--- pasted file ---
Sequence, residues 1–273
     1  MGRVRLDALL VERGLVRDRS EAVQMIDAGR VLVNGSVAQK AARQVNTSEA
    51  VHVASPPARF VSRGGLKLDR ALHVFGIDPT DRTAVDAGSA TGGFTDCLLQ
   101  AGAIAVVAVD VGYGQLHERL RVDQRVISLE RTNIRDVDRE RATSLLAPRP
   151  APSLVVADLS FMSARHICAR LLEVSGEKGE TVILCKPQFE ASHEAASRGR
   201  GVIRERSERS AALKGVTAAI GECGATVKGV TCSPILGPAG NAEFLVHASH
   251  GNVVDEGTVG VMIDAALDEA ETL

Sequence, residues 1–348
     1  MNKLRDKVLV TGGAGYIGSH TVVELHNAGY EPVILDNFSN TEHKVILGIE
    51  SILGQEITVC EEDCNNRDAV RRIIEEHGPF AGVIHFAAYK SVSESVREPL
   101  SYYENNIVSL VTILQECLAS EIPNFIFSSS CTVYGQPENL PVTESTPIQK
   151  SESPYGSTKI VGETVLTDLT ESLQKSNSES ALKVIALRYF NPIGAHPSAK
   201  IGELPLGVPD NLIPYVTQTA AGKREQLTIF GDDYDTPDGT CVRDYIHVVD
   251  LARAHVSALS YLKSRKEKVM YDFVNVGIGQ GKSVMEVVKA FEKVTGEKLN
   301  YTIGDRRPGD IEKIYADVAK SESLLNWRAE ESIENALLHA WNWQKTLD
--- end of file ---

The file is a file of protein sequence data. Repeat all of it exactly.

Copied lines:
Sequence, residues 1–273
     1  MGRVRLDALL VERGLVRDRS EAVQMIDAGR VLVNGSVAQK AARQVNTSEA
    51  VHVASPPARF VSRGGLKLDR ALHVFGIDPT DRTAVDAGSA TGGFTDCLLQ
   101  AGAIAVVAVD VGYGQLHERL RVDQRVISLE RTNIRDVDRE RATSLLAPRP
   151  APSLVVADLS FMSARHICAR LLEVSGEKGE TVILCKPQFE ASHEAASRGR
   201  GVIRERSERS AALKGVTAAI GECGATVKGV TCSPILGPAG NAEFLVHASH
   251  GNVVDEGTVG VMIDAALDEA ETL

Sequence, residues 1–348
     1  MNKLRDKVLV TGGAGYIGSH TVVELHNAGY EPVILDNFSN TEHKVILGIE
    51  SILGQEITVC EEDCNNRDAV RRIIEEHGPF AGVIHFAAYK SVSESVREPL
   101  SYYENNIVSL VTILQECLAS EIPNFIFSSS CTVYGQPENL PVTESTPIQK
   151  SESPYGSTKI VGETVLTDLT ESLQKSNSES ALKVIALRYF NPIGAHPSAK
   201  IGELPLGVPD NLIPYVTQTA AGKREQLTIF GDDYDTPDGT CVRDYIHVVD
   251  LARAHVSALS YLKSRKEKVM YDFVNVGIGQ GKSVMEVVKA FEKVTGEKLN
   301  YTIGDRRPGD IEKIYADVAK SESLLNWRAE ESIENALLHA WNWQKTLD